The faculty expressed concerns that they had been "excluded from any direct participation in the creation or implementation of its policies, operating procedures, professional development, curricula or pedagogical practices, many of which we find questionable at best." Further, despite offers to pitch in an help, they continue to be excluded while inexperienced Teach for America teachers are brought in.  Because EMU is the authorizer, the EMU faculty fears their individual reputations and that of the university are being damaged by the affiliation. The teachers concluded:
Thus, we find EMU’s participation in the EAA unacceptable. These negative impacts on our reputation, our local relationships, our students and programs, the clear effect on enrollments and thus revenue to the university are a repudiation of EMU’s legacy as a champion of public education and a leader in the preparation of educational professionals. We implore you to remedy this situation as quickly as possible by unanimously voting to withdraw from the contract creating the EAA. [Id.]
Shortly thereafter, the EMU education dean left her post on the EAA board.  EMU education dean leaving EAA board, Detroit News, December 3, 2013.  The EMU Board of Regents meeting has seen protests calling for the affiliation to be ended.  People protest EMU’s involvement with EAA, The Eastern Echo, December 4, 2013.

Other Michigan teachers have joined the protest as well.  Teachers in Ypsilanti, Ypsilanti-Lincoln, Whitmore Lake, Chelsea, Manchester, Saline, Milan, Dexter, and Ann Arbor public schools have all boycotted student teachers from EMU until the university ends its affiliation with the EAA.  Ann Arbor teachers union joins boycott of EMU student teachers over EAA,, December 13, 2013.

Maybe most tellingly of all, the students themselves are in open revolt against the EAA - the students Mumford High School issued "Declaration of Independence."  Unsurprisingly, they are not thrilled with a longer school year.  But they also had serious substantive concerns:
The EAA does not treat the students fairly. We have been suspended for dress code, truancy, and even no identification. . . . We lack on teachers, education, and responsibility. . . .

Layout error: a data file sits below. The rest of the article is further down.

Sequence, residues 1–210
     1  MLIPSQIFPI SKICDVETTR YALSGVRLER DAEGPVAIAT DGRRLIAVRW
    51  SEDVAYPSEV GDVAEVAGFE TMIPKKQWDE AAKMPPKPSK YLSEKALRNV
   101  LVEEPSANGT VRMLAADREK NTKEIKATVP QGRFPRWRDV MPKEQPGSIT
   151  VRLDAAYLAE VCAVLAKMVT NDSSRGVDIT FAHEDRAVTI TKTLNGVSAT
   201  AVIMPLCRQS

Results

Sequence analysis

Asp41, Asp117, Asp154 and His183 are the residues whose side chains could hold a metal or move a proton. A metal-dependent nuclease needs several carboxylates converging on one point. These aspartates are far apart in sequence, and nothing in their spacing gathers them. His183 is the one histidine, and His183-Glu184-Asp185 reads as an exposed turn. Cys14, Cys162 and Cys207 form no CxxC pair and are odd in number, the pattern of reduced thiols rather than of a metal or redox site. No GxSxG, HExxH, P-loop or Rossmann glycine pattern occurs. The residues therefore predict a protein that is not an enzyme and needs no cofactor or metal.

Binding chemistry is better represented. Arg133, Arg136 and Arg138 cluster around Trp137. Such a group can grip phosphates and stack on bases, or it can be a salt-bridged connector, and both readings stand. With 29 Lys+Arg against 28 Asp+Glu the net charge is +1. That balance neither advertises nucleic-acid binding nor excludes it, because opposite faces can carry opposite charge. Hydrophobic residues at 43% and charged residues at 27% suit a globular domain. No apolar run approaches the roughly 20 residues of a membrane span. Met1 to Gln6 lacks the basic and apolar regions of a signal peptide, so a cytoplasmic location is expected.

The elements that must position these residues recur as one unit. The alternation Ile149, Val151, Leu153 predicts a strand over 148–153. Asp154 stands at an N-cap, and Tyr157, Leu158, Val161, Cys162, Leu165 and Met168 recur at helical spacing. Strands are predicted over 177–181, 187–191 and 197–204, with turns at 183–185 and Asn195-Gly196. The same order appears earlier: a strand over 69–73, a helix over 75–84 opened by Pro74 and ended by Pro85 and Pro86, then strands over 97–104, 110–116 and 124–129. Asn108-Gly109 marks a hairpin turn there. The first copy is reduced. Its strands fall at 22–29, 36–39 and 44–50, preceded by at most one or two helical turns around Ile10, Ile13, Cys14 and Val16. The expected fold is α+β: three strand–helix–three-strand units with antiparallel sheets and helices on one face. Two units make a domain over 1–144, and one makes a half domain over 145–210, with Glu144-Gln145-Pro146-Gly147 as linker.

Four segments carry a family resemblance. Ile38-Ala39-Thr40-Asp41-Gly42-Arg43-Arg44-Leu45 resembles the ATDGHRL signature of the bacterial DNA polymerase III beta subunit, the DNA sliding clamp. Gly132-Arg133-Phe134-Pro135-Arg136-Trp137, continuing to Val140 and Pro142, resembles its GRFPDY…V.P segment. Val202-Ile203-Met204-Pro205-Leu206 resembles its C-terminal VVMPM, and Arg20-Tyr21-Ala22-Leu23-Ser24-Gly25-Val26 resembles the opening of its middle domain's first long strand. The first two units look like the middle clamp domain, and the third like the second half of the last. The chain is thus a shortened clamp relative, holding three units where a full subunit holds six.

The EAA needs to be stopped; it is a process of confusion. How are seniors going to go to any college without the right amount of credits? We need Detroit Public Schools back. We were cared for when they taught us. Our education was valuable to most DPS teachers. The teachers of the EAA lack showing us that they are interested in our education. . . . We are not treated equally to other public schools.
There should only be one school district and that is DPS. The millions of dollars that were spent on unnecessary things in our school should have been spent on more teachers. We have way too many classes, not many teachers, but most importantly we don’t have enough time in our classes. We have seven classes in a day not including seminar and lunch. We are worn out and tired. Mumford is a public school not a jail. EAA should be put away! [Mumford High School's Social Justice League - The Declaration of Independence, May 18, 2013.]
The Mumford students also created a YouTube channel to record some of their stories.

This is just the headline grabbing opposition.  As we have already discussed in Part 2 of this series, EAA parents are pulling their kids out of the schools in droves.  Parents groups like Okemos Parents for Schools, Michigan Parents for Schools, and others have spoken out against the takeover district. Democratic lawmakers such as Ellen Cogen-Lipton, Theresa Abed, Hoon-Yung Hopgood have been fierce critics of the school.  Even Republican Senator Rick Jones has spoken out against the EAA's expansion. 

In sum, outside the small circle of those politically and financially invested in the EAA, there is almost no one in Michigan advocating for expansion of the EAA.